3. The fact that a student has a disability diagnosis, a history of receiving services for a disability, or an individualized education program (IEP) or 504 plan that addresses disability-related behaviors does not mean the student is a potential threat to their school community.
  4. The role and responsibility of law enforcement, if any, within a school needs to be clearly defined by written agreement. Schools should not rely on law enforcement officers to handle school disciplinary matters.
  5. If school safety measures include monitoring of students (physically and/or digitally), such measures should be evidence-based, subject to ongoing evaluation, and focus on threats of actual harm.  They should be transparently developed in consultation with experts and community stakeholders, including students, parents, and educators.
  6. If security cameras or other types of surveillance are used in schools, school administrators must ensure that the data collected is not misused and ensure compliance with all applicable privacy laws. Clear policies must be established regarding:
    1. What data is collected, who has access, how the data will be used, and when it will be destroyed.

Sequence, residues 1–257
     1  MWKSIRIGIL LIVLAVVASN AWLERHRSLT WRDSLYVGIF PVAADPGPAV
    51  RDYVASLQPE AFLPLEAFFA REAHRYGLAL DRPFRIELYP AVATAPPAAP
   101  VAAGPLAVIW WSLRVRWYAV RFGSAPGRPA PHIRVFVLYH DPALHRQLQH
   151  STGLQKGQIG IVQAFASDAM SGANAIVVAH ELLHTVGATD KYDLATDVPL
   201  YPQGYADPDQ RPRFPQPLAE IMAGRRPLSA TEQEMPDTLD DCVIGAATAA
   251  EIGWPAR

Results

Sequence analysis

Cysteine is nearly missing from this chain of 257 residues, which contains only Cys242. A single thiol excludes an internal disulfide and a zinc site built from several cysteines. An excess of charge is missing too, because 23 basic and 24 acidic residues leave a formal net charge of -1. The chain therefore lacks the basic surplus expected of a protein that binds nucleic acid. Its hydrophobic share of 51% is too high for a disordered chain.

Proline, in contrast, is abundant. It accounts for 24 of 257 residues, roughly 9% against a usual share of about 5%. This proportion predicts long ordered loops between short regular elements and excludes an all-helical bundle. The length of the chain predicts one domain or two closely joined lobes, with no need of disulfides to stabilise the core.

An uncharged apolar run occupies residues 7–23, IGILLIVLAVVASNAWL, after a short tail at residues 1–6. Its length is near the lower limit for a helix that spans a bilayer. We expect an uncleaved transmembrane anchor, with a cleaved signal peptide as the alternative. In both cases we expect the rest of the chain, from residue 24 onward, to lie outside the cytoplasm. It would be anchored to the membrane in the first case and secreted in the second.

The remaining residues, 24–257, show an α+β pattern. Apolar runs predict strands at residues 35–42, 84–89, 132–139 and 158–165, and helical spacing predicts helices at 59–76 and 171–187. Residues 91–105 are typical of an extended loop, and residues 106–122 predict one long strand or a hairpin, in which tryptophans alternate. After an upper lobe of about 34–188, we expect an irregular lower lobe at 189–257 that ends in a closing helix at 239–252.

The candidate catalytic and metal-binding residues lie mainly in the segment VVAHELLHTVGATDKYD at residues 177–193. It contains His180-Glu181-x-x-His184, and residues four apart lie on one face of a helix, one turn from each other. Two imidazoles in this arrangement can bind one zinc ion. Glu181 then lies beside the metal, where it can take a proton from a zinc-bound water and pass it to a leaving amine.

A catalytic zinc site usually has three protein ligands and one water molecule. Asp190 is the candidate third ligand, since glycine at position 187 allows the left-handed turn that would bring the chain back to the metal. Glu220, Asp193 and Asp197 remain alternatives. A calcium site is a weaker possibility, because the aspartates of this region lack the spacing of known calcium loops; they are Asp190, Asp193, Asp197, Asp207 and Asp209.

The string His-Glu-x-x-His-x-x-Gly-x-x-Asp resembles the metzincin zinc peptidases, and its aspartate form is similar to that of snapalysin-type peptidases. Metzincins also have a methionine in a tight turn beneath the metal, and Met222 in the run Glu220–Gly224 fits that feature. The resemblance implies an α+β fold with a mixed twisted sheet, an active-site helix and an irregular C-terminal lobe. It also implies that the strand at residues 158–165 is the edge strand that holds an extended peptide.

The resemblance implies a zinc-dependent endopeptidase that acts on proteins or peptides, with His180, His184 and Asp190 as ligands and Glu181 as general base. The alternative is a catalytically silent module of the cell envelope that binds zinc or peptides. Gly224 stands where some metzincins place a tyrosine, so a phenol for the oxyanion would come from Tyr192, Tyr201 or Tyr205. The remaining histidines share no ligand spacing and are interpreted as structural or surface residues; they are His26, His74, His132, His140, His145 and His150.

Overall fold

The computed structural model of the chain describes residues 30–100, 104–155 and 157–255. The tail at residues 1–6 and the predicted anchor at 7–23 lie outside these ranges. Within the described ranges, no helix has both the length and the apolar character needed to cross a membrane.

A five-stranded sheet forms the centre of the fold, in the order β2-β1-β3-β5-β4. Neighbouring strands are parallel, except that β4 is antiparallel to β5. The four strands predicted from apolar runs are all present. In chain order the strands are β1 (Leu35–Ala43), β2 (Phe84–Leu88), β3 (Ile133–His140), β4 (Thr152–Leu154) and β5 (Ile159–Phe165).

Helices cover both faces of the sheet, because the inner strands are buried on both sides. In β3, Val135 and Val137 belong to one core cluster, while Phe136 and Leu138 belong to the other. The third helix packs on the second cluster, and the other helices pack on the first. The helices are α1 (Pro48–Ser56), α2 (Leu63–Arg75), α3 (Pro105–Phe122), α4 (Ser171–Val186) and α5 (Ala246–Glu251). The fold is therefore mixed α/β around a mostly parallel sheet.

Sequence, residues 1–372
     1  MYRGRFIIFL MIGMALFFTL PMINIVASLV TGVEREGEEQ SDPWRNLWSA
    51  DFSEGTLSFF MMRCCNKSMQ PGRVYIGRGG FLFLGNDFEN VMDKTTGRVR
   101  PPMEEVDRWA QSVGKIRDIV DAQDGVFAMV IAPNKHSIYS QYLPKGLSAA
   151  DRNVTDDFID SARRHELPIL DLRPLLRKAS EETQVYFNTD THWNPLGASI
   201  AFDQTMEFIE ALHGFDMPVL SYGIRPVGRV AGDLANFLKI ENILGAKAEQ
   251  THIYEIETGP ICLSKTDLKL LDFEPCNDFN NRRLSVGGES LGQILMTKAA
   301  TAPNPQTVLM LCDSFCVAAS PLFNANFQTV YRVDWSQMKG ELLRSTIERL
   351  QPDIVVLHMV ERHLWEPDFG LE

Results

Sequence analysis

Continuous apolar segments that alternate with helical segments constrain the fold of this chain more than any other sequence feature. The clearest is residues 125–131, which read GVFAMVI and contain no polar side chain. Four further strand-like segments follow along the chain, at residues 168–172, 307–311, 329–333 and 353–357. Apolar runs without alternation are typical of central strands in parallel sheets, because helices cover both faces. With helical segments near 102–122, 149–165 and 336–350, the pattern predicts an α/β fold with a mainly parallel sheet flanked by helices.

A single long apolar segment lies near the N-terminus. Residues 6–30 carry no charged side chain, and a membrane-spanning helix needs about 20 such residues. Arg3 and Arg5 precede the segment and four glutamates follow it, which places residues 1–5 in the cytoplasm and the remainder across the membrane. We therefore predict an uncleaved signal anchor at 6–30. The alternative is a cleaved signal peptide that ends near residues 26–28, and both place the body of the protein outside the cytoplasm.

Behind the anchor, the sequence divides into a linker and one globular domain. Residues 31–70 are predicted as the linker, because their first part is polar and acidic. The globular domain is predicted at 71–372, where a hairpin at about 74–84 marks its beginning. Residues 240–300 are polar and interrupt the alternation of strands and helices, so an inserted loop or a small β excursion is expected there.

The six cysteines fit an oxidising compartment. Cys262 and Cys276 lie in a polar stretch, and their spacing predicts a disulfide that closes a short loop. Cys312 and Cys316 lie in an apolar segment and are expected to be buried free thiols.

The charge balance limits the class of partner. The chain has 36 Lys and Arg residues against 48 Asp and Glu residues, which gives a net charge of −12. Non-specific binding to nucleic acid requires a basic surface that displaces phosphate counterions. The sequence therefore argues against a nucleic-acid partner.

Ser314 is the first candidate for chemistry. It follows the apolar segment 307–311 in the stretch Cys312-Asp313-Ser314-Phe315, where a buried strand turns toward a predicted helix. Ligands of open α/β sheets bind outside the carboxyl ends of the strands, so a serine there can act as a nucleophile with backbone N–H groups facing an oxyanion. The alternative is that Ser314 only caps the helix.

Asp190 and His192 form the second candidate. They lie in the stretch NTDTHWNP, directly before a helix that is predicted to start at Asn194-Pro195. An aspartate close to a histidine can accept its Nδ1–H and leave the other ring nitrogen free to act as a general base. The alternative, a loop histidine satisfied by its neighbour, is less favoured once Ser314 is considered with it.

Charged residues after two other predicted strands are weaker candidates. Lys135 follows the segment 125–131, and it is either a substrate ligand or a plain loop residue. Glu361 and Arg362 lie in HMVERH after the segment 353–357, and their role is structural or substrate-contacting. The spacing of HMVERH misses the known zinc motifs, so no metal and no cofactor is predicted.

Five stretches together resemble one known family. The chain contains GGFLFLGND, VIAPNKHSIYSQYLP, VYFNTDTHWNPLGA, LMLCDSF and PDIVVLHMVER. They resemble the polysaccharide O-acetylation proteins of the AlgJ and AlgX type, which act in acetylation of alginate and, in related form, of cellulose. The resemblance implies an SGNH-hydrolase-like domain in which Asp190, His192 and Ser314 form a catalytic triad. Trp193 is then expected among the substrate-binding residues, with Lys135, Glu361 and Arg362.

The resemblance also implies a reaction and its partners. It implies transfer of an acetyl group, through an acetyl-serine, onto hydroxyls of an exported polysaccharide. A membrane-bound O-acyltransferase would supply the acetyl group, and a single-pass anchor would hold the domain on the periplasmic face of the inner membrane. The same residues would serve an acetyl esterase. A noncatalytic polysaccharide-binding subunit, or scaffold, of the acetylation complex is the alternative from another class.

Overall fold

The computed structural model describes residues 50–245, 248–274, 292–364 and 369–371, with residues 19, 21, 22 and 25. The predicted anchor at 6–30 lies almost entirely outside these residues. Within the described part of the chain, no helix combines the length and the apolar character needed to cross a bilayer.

2. How to act upon data collected through the surveillance of students.
    3. Sharing data, especially if data will be shared with law enforcement or others outside of school, with clear responsibilities and accountability as well as consequences for those who violate these data sharing protocols.
    4. Transparency to educators, parents, and students.
  7. Algorithms used for school safety are imperfect, often based on historical and biased data, and can produce false positives and replicate bias. Final decisions about whether a student is categorized as a threat and the actions to take should be made by school administrators, who are able to take into account the student’s particular needs and circumstances, and not by algorithms.
  8. Comprehensive school-based mental and behavioral health services are critical to ensuring a positive and safe school climate. School safety measures can and should be undertaken to promote, not undermine, students’ mental health and well-being.